The BFI Blu-ray release of Arthur Robison’s The Informer (1929) offers a fascinating glimpse of the sometimes rocky transition from silent cinema to sound, with restorations of the original silent version and the partial Talkie made simultaneously.
Criterion’s Blu-ray edition of Marcel Pagnol’s Marseilles Trilogy is a revelation, a vibrant, humanistic display of the dramatic possibilities of sound cinema.
Four Twilight Time releases showcase exceptional acting in a variety of styles: Spencer Tracy and Frederick March in Stanley Kramer’s Inherit the Wind (1960); Jeff Bridges, John Heard and Lisa Eichhorn in Ivan Passer’s Cutter’s Way (1981); Sean Penn and Christopher Walken in James Foley’s At Close Range (1986); and David Thewlis in Paul Greengrass’ Resurrected (1989).
His Girl Friday (1940) and Only Angels Have Wings (1939), two of Howard Hawks’ most critically acclaimed movies, have received excellent treatment from Criterion on Blu-ray, along with a restored transfer of Lewis Milestone’s pre-code adaptation of Ben Hecht and Charles MacArthur’s play The Front Page (1931), the source of Hawks’ cynical 1940 romantic comedy.
Three more black-and-white movies in excellent Blu-ray editions – Fritz Lang’s Hangmen Also Die!, Robert Wise’s Odds Against Tomorrow and John Baxter’s Love on the Dole – offer yet another reminder of the richness of monochrome film art.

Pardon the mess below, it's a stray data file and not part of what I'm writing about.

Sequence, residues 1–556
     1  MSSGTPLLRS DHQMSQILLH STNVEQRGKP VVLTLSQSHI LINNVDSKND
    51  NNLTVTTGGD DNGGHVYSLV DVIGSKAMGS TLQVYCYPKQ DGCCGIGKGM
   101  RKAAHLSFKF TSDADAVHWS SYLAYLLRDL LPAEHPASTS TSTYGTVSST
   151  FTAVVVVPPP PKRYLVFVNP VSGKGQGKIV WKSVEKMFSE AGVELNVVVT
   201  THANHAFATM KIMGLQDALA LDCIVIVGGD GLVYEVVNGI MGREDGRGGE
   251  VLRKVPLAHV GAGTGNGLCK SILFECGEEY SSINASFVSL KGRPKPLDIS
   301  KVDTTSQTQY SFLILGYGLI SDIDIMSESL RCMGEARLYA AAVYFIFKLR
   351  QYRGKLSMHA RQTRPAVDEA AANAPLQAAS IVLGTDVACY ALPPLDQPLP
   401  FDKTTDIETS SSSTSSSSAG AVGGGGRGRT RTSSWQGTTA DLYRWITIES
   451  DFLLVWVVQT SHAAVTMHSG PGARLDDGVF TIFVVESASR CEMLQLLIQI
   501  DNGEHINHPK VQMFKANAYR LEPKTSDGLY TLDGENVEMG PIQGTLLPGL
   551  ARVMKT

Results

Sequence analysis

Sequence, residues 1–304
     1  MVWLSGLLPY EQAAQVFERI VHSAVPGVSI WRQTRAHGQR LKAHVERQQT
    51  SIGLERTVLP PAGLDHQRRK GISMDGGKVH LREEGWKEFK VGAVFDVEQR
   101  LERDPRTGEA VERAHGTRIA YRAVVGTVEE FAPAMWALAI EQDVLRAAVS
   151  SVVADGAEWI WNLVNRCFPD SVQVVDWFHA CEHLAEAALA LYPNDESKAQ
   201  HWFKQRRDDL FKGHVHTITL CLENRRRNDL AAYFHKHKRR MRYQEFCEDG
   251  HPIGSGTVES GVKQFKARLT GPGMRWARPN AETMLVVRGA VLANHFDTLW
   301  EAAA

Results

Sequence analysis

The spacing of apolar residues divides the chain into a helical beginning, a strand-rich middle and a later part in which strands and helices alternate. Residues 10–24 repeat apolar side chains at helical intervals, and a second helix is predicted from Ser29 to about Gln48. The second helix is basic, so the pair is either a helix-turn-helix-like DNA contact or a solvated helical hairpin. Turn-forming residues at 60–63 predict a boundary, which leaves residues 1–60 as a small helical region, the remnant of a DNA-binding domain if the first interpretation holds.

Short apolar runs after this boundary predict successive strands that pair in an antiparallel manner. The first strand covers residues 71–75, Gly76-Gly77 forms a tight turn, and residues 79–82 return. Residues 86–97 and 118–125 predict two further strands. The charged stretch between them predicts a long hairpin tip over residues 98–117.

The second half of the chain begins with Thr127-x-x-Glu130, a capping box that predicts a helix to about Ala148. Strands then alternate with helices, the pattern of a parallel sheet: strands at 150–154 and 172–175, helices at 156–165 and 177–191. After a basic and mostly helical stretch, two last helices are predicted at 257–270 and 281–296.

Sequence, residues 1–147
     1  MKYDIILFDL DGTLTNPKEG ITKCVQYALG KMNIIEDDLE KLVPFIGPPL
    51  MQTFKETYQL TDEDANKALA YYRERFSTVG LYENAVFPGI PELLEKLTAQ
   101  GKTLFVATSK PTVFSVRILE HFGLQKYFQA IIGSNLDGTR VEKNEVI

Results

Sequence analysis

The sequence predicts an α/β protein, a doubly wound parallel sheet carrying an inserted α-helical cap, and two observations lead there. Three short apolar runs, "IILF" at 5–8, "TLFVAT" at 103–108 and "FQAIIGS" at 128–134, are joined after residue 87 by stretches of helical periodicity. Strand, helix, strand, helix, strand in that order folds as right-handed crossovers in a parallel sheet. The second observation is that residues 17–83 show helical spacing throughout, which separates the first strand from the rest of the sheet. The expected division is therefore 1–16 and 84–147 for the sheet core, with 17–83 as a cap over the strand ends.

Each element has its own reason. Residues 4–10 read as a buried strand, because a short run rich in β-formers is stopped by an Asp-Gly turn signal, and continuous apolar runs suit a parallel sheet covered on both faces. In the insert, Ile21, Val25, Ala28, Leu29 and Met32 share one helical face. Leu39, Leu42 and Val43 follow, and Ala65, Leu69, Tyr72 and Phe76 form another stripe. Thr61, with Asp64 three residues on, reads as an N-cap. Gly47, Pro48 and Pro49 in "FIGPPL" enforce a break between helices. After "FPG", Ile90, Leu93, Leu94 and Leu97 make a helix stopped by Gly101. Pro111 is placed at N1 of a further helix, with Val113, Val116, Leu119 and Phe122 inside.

Robert Altman’s masterpiece, McCabe & Mrs. Miller (1971), finally gets a worthy disk release. Criterion gives us a wonderful transfer along with almost three hours of informative supplements.
Two excellent recent Blu-ray releases from the BFI illuminate the extremes of high and low art in British film of the early 1970s. Ken Russell’s version of D.H. Lawrence’s Women in Love is exemplary literary adaptation, while Don Sharp’s Psychomania is … well, something else again!
Despite truly dismal digital projection a recent big-screen viewing of The Birds reconfirms its status as one of Hitchcock’s finest films, and one of the best disaster films ever made.
Criterion release a subtle masterpiece of Spanish cinema in Luis Garcia Berlanga’s The Executioner (1963), a dark critique of life under the Franco regime disguised as a domestic comedy.
Criterion’s new Blu-ray of Kenji Mizoguchi’s The Story of the Last Chrysanthemum (1939) makes available one of the earliest masterpieces by this great Japanese director; although the film shows its age, the director’s remarkable technique of long takes and composition in depth is impressive.